The two Surrey people accused of plotting to bomb the legislature on Canada Day are expected to appear in B.C. Supreme Court in Vancouver this morning.
John Nuttall and Amanda Korody are charged with knowingly facilitating a terrorist activity, making or possessing an explosive device, conspiracy to place an explosive device with the intent to cause death or injury and conspiracy to murder persons unknown.
The pair made a brief appearance in Surrey provincial court yesterday morning, where charges were stayed in favour of a direct indictment in B.C. Supreme Court.
Nuttall’s defence lawyer Tom Morino says he expects the Crown's disclosure to include thousands of pages of documents, so he'll apply to have the case put over for several months to give him time to review the documents.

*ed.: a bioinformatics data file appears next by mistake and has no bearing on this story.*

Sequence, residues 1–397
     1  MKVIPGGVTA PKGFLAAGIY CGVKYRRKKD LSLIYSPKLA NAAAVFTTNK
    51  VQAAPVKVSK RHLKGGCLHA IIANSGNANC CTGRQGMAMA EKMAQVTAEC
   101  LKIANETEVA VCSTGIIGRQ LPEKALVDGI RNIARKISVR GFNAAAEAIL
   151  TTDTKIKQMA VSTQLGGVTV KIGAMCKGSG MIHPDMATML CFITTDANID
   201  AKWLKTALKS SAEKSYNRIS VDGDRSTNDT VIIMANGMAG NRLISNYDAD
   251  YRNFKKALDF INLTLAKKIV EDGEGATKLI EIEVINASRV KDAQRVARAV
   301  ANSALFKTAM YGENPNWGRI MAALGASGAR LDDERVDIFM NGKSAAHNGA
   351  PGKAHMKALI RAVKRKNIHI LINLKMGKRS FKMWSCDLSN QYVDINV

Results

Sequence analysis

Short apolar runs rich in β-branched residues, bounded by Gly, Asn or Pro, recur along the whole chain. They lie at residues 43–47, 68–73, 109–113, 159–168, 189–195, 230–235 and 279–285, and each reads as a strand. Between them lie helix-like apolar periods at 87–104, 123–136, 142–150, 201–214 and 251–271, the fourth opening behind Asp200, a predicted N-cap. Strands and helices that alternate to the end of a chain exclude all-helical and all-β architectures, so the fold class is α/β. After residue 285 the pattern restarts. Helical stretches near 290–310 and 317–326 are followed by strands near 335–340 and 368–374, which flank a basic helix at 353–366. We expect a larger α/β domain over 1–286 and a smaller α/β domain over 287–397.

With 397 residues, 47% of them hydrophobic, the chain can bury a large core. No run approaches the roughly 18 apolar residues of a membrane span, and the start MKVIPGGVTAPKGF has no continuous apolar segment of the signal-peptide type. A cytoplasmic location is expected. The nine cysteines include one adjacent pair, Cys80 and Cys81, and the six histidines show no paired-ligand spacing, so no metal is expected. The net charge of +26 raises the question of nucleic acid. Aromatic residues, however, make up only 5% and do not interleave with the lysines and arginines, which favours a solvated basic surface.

Speaking outside the courtroom on Tuesday, Morino said there is little incentive for Nuttall or Korody to enter a plea in a terrorism case when the charges carry a mandatory life sentence.
Morino also alleged U.S. police forces were involved in the investigation and said the case has elements of entrapment.
Nuttall, 38, and Korody, who is 28 or 29, are alleged to have turned ordinary pressure cookers into improvised explosive devices filled with rusted nails, nuts, bolts and washers.
Police have claimed the two were inspired by “al-Qaeda ideology,” but say there’s no evidence the two were acting “at the direction of a terror group.”
But friends have expressed doubt the couple could have pulled off such a plot on their own.
Friends and neighbours describe the pair as exhibiting increasingly odd behaviour after converting to Islam about six months ago.
One friend told CBC News the pair was recently kicked out of a Surrey mosque, while a neighbour said she overheard Nuttall having a loud conversation on his cellphone in which he mentioned jihad.
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